Brad Pitt one of Hollywood’s prominent stars, plays Lieutenant Aldo Raine, a macho hillbilly country bumpkin who is the leader of the Basterds, an American squadron of Jewish GIs in occupied France whose mandate is to kill, scalp, and sow terror into as many Nazis as possible. Pitt really gives it his all in this film with his charismatic charm, wit and empathy of a Nazi killer. His character is reminiscent of his character Early in one of his first films “Kalifonia.” A well written part for the incomparable Pitt as his portrayal of Raine drives the comical edge and mayhem of the film. But its Austrian actor Christoph Waltz who plays Colonel Hans Landa of the SS, one of Hitler’s most snide, cruel, unforgiving, Jew killer, he is their worst enemy in France. Christoph is remarkable as he really brought out the humor of Hans Landa hatred towards non-German. He is so good in the film you hate him, in which to me, he did the part justice. Christoph aka Hans Landa, mission is to bring down the Basterds, the only thing is he is continually engulfed in his own pleasures of killing.

Hence, Shosanna Dreyfus (Mélanie Laurent), a young Jewish woman who watches the murder of her family and then escapes Landa’s clutches in the opening sequence, as you watch her running through an open field bloody and in fear of her life. She later turns up running a movie house in Paris and one night while she is putting up a new billboard Fredrick Zoller (Daniel Brühl), a Nazi war hero, who woos her as he is taken by her beauty. She claims she is a French woman, hiding the fact that she is Jewish. He is the star of Goebbels (Sylvester Groth) a film based on Zoller’s exploits. His costar in the exploit film is German film star and “Basterds”double agent played by Diane Kruger, from the “National Treasure’’ movies.

“Inglorious Basterds’’ is comprised of five chapters, some in which could serve as stand-alone shorts, but the menagerie of prolonged, outrageously suspenseful showdown in a basement bier-garten may be the film’s high point yet a little lengthy. Leading up to the film’s end, a show down during a gathering of all the 5 leaders joining together to watch the German exploitation film. As the Basterds derive their own plan of attack, so does Shosanna Dreyfus (Mélanie Laurent), who has a scheme of her own to take the Hitler regime down herself as revenge or killing her family. It all goes down at Shosanna’s little theater, where Zoller’s movie will premiere to an audience of Nazi brass, including Hitler himself (Martin Wuttke). It’s one of the best parts of the film and Tarantino outshines himself for the detail and intensity of the climatic end. If you are expecting actual real history here, then this film is not for you. It’s a “what if this happened” style, you could almost say it’s a Tarantino pop-art-exploitation film of our time.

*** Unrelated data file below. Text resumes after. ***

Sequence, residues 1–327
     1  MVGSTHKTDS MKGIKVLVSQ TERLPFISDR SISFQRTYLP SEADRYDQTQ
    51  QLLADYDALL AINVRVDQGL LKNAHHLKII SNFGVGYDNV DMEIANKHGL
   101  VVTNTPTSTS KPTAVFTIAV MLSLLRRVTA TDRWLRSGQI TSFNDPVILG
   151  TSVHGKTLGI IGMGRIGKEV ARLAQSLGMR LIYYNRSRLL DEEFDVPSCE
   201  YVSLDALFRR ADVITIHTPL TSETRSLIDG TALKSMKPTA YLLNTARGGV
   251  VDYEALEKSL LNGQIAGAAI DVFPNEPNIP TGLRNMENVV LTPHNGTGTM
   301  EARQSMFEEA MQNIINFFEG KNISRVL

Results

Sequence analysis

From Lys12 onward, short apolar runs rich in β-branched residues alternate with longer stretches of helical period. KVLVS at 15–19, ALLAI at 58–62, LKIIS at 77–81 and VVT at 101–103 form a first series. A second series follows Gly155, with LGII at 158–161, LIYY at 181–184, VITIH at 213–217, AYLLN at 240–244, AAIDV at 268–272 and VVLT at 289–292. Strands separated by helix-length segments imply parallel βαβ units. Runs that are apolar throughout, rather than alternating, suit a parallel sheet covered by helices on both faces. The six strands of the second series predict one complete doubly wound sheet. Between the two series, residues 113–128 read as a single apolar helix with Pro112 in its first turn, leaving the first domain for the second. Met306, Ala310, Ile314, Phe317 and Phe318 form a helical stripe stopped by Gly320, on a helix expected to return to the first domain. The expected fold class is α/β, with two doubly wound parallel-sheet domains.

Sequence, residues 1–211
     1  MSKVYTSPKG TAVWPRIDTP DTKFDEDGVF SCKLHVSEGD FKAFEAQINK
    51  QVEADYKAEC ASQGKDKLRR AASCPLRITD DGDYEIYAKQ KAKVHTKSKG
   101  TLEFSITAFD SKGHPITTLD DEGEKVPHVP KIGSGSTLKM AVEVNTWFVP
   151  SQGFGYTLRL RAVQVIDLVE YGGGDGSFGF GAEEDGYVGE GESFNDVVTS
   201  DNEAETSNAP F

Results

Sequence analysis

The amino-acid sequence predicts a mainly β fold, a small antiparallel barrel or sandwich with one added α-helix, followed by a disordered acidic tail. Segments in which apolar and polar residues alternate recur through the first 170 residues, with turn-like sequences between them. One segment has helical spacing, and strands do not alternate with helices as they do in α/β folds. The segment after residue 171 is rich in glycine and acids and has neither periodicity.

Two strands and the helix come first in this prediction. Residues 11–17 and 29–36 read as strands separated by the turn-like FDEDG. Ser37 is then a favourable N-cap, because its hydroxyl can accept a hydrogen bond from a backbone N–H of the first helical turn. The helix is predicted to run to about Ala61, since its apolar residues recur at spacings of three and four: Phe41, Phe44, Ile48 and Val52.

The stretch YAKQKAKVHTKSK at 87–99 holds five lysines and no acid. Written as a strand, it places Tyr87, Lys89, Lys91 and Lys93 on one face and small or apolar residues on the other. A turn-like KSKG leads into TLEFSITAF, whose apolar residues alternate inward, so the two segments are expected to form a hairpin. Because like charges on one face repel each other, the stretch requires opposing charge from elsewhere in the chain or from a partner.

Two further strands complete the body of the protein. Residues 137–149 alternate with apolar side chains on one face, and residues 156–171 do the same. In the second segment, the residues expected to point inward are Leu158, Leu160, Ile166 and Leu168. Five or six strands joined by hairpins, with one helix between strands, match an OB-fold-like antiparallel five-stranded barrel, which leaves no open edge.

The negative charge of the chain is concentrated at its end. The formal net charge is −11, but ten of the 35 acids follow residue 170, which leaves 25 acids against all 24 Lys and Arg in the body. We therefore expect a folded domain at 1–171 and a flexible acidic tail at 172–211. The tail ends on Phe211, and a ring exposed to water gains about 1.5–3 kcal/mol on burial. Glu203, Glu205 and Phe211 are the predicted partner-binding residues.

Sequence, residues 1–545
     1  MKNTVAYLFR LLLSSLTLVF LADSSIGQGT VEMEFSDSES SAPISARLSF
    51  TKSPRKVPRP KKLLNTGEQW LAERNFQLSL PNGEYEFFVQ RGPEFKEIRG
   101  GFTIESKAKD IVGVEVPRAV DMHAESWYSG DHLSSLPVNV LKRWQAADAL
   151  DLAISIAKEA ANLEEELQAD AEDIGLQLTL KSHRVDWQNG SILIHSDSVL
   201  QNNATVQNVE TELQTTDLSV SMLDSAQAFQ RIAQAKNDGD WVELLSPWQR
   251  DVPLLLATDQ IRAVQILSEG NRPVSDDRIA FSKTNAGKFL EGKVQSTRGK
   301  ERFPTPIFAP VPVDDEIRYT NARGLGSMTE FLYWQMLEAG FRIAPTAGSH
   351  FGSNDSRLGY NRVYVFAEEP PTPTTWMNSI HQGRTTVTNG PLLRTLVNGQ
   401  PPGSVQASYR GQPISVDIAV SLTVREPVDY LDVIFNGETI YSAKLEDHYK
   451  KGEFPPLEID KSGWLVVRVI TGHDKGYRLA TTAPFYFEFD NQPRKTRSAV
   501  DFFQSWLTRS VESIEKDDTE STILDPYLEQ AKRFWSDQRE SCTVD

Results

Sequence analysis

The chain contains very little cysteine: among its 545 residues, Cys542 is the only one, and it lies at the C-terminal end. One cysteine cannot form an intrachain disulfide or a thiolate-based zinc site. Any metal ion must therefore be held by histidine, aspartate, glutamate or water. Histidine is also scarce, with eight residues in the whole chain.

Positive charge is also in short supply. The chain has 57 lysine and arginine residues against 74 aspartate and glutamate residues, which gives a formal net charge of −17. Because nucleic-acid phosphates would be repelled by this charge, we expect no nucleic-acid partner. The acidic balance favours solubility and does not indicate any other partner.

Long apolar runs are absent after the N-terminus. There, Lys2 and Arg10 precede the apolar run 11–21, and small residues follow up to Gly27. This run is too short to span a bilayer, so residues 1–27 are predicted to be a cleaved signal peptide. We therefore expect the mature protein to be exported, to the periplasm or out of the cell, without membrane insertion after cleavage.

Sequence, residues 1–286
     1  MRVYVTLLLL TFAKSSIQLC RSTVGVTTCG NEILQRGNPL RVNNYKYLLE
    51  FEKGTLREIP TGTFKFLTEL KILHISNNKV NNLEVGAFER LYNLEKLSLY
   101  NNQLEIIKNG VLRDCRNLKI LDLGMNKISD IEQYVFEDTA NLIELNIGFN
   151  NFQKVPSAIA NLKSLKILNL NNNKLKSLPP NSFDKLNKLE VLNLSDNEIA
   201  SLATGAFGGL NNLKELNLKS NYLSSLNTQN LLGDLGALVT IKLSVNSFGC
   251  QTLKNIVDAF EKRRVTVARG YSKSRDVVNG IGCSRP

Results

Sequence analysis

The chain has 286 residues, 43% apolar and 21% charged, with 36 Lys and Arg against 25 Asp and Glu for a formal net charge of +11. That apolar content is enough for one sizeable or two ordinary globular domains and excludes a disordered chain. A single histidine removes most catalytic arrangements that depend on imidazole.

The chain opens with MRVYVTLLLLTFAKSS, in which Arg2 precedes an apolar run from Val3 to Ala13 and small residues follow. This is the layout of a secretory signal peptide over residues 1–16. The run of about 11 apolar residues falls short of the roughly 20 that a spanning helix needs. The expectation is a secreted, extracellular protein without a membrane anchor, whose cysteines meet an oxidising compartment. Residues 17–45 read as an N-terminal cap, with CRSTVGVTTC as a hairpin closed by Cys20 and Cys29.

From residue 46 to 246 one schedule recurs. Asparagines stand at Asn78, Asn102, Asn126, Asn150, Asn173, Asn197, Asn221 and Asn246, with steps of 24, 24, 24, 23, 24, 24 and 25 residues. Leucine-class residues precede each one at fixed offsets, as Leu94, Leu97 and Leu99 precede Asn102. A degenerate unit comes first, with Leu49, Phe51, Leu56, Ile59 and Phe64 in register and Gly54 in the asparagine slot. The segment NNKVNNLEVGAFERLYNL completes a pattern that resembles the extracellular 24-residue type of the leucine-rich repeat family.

“Inglorious Basterds’’ is an entertaining film yet it has some minor issues overall, such as, the “Basterds” a key element of the film wasn’t scene enough throughout and some of Tarantino intensity is lost from lackluster drawn out scenes. It was great to see Mike Myers as a British officer, a deft, Peter Sellers-like cameo, in fact one of his best works he has done in years. But Myers was only in the film for a brief moment. Til Schweiger part was way too brief throughout the film. His character could have had more edge and development as a hulking ex-Nazi who has joined the Basterds to take the Nazi’s down. Then the British actor Michael Fassbender as the drily capable Lieutenant Archie Hicox, a key player in that beer hall scene, in which, his Character could have thrived if developed more throughout the film, was barely in “Basterds,” leaving us asking why?

Tarantino’s love for D-List films of the 70’s shines through but it’s his other recent works, like “Death Proof,” that proves Tarantino to be grade A. I still enjoyed “Inglorious Basterds,” but expected a little more from Tarantino as his other works have been so superb. Basterds is a great film, a man film, focused on thrill and gore, but Tarantino could have taken one last read through and cut some of the slack off the film as it runs a slightly long 153 minutes of virtuoso stalling, which may have you checking your watch a little more than twice.

Courtesy of Red Sea Entertainment – Thank you Anna and Tagan!